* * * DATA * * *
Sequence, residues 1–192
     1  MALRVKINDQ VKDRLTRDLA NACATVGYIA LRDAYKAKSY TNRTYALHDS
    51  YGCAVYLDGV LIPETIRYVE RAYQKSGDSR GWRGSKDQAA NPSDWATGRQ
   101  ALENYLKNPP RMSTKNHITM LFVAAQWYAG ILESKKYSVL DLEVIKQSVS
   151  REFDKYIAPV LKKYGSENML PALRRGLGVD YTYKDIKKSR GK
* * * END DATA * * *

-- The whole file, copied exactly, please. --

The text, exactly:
Sequence, residues 1–192
     1  MALRVKINDQ VKDRLTRDLA NACATVGYIA LRDAYKAKSY TNRTYALHDS
    51  YGCAVYLDGV LIPETIRYVE RAYQKSGDSR GWRGSKDQAA NPSDWATGRQ
   101  ALENYLKNPP RMSTKNHITM LFVAAQWYAG ILESKKYSVL DLEVIKQSVS
   151  REFDKYIAPV LKKYGSENML PALRRGLGVD YTYKDIKKSR GK